Sunday, January 29, 2017


1. The first of my favorite pieces of work was Andy Warhol's rendition of The Last Supper. It was the first time I had ever seen a modern portrayal of the very historical and religious Leonardo da Vinci's piece. What I liked most about this were the colors that Warhol chose. To me, black and yellow is a very bold combination. It is striking to the eye and gives light to the entire scene leaving little to imagination for the viewer. The piece is extremely large in size and took up a good portion of the exhibit wall. Warhol's work is commonly of modern day images and everyday items. I found this to be most special because it is the least likely of subjects which I would expect of Warhol. The mirroring aspect of the image also grabbed my attention. At first look, I didn't differentiate the fact but then shortly came to terms with there being two images. I'm not sure whether this has any significant meaning or what his intentions were in doing so. This was my favorite piece in the museum because this image resonates closely with my faith. I've been exposed to this image for so long that I've began to overlook it and not pay close attention to the details. Because this portrayal displays it differently, I was able to take the time and really appreciate it more through something like a kaleidoscope.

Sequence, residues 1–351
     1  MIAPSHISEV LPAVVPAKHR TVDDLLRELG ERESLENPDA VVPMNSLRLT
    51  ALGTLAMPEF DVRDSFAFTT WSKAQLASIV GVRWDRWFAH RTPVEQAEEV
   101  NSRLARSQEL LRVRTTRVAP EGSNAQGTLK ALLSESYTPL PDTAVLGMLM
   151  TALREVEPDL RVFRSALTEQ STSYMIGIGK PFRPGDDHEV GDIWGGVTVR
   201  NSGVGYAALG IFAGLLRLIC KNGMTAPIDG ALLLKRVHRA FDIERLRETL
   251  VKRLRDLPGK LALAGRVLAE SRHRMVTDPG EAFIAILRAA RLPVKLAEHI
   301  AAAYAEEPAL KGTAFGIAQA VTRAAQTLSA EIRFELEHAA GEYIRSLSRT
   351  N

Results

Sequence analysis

2. Workshop of Paolo Veronese caught my attention because of the realism aspect that it so predominately portrays. The painting looks as though it is popping out at you or that you're standing in the room of this scene. The image has so much depth and the artist does a truly amazing job of casting shadows, using contour and adding layers to make this as humanlike as possible.

3. Bust of Thetys on a Marine Background was amongst the most beautiful pieces of art I saw. I'm always intrigued by mosaics and how such intricate detail and imagery can be formed using pieces of stone. This artist in particular was limited to a small range of color yet created an image with abundant character and detail. The way he arranged them create shadow, depth and even changes in skin tone like blush on the cheek. 

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